Sling Ming (Nintendo Switch) Review

By Ofisil 07.04.2018

Review for Sling Ming on Nintendo Switch

Developed by independent studio, Good Night Brave Warrior, Sling Ming approaches the sub-genre of physics-based puzzles from a pretty interesting angle. Whereas in most of its kind the player tries to manipulate the main character, in here, you will actually have to carry the protagonist like an anchor, with the eponymous heroine actually being at the mercy of the string that's attached to her, as well as good 'ol gravity. An intriguing concept, indeed, but, as is the case in these types of games, this probably leans a bit more to the aggravating side than it has to. Follow Cubed3 as it turns on the Nintendo Switch, trying to help this cute Chinese princess like a knight in shining armour would: by dragging her by a rope.

There's a story here, and, for a mobile-friendly, indie puzzler (where there's no need for one), it's pretty decent, although it is possible to simply skip through it all and not really feel as something is missing - plus, it doesn't overdo the whole cut-scene element, which is always a good thing. Even better? The colourful, cartoony visuals are a delight to the eye, with a vibrant colour palette painting a world where everything pleasantly pops out, especially Ming, the cute and sexy, pear-shaped protagonist.

As for those who want to know, here it is: Ming goes deep under the crust of a bunch of planets, in order to find out why her homeworld is having a seizure. Who will help her in doing so? Why Oxylane, who else? "Oxy-what-now?" some of you may ask, and the answer is the suit that she will use to descend into the many trap-filled labyrinths available. In here, however, the player doesn't really control the princess, but a sphere that's connected with her high-tech attire via a rope.

Screenshot for Sling Ming on Nintendo Switch

Thus, when this moves from node to node, she helplessly swings around the place. The good news is that doing all this is not rocket science. All it takes is a click or a tap on a node, and, whoosh, she flies towards the next anchor point. The catch, however, is that this is an insanely hard control scheme to master, as there is a need to always be mindful of Ming's free movement, which is no easy task as many of the levels don't just wait for you to idly complete them.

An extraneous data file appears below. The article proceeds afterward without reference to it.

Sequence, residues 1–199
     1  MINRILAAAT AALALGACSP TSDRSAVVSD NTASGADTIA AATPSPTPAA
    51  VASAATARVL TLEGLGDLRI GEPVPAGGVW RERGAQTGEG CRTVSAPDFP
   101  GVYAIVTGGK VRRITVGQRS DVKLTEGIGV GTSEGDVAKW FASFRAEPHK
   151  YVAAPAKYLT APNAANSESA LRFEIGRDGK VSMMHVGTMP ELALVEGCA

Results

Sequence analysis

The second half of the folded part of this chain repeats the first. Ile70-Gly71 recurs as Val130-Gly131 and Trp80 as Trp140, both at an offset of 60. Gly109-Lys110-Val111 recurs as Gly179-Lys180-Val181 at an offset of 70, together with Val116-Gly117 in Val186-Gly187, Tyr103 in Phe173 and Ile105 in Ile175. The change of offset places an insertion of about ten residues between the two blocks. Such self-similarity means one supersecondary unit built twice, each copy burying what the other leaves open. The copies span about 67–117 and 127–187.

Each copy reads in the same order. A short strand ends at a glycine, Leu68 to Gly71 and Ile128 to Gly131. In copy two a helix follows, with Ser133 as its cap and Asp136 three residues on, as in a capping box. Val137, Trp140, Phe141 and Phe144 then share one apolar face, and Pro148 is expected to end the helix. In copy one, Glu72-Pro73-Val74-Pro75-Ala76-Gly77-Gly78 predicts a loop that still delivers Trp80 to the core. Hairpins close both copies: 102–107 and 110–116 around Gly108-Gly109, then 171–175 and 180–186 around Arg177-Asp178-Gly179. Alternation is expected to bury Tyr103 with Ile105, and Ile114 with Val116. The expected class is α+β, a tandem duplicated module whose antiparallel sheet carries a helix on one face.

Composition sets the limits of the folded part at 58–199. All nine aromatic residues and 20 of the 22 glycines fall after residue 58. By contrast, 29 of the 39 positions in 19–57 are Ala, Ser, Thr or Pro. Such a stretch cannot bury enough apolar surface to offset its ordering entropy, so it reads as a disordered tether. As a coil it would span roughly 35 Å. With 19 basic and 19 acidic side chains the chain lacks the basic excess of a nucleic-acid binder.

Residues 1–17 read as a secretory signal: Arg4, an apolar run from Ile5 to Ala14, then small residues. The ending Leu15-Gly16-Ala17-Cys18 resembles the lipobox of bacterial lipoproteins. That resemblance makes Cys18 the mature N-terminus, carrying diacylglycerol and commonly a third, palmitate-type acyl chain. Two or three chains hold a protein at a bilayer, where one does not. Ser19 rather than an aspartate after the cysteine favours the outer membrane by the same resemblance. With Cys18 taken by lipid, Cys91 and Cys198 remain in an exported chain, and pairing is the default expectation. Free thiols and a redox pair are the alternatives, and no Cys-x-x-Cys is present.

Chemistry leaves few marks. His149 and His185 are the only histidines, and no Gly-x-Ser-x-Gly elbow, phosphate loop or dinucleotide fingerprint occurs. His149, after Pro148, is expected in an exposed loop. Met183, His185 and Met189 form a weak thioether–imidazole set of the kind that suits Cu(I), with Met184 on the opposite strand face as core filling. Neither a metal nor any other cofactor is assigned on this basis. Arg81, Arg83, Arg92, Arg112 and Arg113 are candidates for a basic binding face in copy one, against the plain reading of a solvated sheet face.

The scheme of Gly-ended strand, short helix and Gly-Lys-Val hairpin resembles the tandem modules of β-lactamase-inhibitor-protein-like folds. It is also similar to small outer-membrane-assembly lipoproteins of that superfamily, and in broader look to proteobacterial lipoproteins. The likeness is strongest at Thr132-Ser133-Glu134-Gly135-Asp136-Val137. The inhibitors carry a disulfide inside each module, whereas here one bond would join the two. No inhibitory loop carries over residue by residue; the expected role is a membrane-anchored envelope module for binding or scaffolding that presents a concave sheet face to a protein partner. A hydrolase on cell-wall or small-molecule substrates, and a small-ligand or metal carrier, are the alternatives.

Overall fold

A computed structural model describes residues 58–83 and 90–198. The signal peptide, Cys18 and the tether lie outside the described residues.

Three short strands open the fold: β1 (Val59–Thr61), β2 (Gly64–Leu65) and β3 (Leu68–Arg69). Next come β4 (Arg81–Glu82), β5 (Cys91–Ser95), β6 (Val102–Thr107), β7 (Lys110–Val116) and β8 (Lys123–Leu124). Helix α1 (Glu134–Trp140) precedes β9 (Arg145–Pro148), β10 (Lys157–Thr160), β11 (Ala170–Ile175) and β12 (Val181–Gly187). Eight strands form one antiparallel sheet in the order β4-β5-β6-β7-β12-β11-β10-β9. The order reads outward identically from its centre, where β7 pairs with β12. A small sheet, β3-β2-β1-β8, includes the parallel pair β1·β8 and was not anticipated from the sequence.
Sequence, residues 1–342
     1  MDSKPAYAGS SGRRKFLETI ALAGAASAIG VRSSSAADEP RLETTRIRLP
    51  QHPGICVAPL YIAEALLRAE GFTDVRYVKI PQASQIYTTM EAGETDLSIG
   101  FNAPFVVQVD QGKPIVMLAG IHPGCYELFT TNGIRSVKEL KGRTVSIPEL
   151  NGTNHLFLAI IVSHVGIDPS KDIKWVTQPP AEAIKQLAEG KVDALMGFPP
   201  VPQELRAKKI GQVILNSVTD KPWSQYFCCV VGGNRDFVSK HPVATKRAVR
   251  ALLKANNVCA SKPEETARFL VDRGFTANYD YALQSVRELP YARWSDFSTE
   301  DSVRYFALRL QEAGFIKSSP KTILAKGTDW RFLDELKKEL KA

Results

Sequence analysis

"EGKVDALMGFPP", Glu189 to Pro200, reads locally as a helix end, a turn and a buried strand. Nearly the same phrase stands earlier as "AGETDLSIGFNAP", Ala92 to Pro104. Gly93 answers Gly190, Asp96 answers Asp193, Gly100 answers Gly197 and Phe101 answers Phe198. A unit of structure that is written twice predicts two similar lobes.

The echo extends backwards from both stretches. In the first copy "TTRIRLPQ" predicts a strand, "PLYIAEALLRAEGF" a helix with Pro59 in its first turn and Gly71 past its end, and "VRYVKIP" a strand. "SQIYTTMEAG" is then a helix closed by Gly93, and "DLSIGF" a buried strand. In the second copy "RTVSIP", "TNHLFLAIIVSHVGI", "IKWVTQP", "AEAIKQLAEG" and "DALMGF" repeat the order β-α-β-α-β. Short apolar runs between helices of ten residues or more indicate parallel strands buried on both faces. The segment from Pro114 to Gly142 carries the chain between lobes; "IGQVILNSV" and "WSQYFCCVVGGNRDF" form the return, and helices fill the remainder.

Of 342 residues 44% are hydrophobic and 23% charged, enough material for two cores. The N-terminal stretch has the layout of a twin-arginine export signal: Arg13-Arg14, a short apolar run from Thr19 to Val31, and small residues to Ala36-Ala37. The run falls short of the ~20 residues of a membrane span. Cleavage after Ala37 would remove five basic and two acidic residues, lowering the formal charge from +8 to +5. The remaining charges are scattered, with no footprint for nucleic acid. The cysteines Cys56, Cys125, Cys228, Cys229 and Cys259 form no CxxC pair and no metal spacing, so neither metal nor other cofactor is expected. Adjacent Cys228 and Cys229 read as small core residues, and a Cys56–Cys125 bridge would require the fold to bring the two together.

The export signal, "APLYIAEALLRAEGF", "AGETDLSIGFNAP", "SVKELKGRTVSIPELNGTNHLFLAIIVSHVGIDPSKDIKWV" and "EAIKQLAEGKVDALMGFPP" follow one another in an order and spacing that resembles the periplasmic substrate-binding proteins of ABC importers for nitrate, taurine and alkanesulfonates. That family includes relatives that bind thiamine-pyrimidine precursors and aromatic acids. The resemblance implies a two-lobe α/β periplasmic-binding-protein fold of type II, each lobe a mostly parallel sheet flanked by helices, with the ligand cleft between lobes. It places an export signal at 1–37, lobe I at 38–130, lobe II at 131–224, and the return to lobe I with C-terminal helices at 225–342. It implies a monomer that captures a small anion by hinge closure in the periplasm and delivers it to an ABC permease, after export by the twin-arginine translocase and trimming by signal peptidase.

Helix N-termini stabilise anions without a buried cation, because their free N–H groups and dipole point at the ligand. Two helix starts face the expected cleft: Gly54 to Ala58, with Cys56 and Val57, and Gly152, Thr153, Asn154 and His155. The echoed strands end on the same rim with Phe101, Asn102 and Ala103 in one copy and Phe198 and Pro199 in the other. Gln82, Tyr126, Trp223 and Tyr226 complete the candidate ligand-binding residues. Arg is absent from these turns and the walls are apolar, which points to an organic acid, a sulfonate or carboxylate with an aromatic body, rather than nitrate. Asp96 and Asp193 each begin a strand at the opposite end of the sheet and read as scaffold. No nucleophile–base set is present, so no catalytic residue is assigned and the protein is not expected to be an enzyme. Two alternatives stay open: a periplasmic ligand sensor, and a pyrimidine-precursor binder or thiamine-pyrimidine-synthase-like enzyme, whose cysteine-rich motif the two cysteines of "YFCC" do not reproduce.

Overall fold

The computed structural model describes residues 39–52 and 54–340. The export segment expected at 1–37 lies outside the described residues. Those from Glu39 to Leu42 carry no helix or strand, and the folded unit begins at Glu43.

In other words, things can hurt you here, and while there are many stages where it's just Ming and a puzzle, don't expect those to be a piece of cake, either. Oh, this can be finished, alright. Sling Ming is not excruciatingly difficult - far from it. The extra tests of skill are fierce, though, and, to be perfectly honest, from collecting items and completing achievements, to doing all challenges a level throws at you, this is the main source of fun in this game.

Screenshot for Sling Ming on Nintendo Switch

Unfortunately, it's also that part where this can also be very annoying, especially when dealing with some of the longer stages. As mentioned before, the controls work just fine, but it's hard to get the hang of things (no pun intended). However, even when somebody reaches that point where swinging Ming around feels natural, the level design will still manage to irritate, partly because most levels consist of multiple steps.

Yes, it's all about carefully timing your moves, learning how things work, and getting a "feel" of the gravity, but when it's so damn easy to go back to the very beginning just by messing up once, the fun factor sort of… decreases. Of course, that has a lot to do with how many stages tend to be longer than needed, whereas this is at its best when it's sort and sweet. In other words, Sling Ming is not casual-friendly.

Screenshot for Sling Ming on Nintendo Switch

Wait, wait, though. Shouldn't it be casual-friendly? Well, a good puzzler pleases a specific demographic, in this case those with equally high-skilled fingers and brains - a great one, however, targets everyone, by offering a better difficulty curve. Yes, this sort of does so, but only when not caring about the extra stuff, but it's a shame that there's a big gap between the "standard" experience, and the extra stuff. Having said that, is this a bad game?

Thankfully, despite all the grumbling so far, it's not. The handcrafted, and quite varied, levels will test your abilities like few action-puzzlers have, and the controls, while hard to get used to, work as intended. Moreover, the audio-visuals are very good, making this experience even more enjoyable, whether holding the Switch, or docking it. Note, however, that not everyone will be able to have fun with it, as some will, undoubtedly, find its mechanics to be more annoying than exciting.

Screenshot for Sling Ming on Nintendo Switch

Cubed3 Rating

7/10
Rated 7 out of 10

Very Good - Bronze Award

Rated 7 out of 10

The levels are enjoyably tough, as well as quite pretty in all their cartoony simplicity, but, when it comes to enjoying Sling Ming, it all boils down to this: who will find controlling a heroine by handling the rope she is tied to, with gravity doing the rest of the work, any fun? Simply put, the answer is "not everyone."

Developer

Good Night Brave Warrior

Publisher

Good Night Brave Warrior

Genre

Action

Players

1

C3 Score

Rated $score out of 10  7/10

Reader Score

Rated $score out of 10  0 (0 Votes)

European release date Out now   North America release date Out now   Japan release date Out now   Australian release date Out now   

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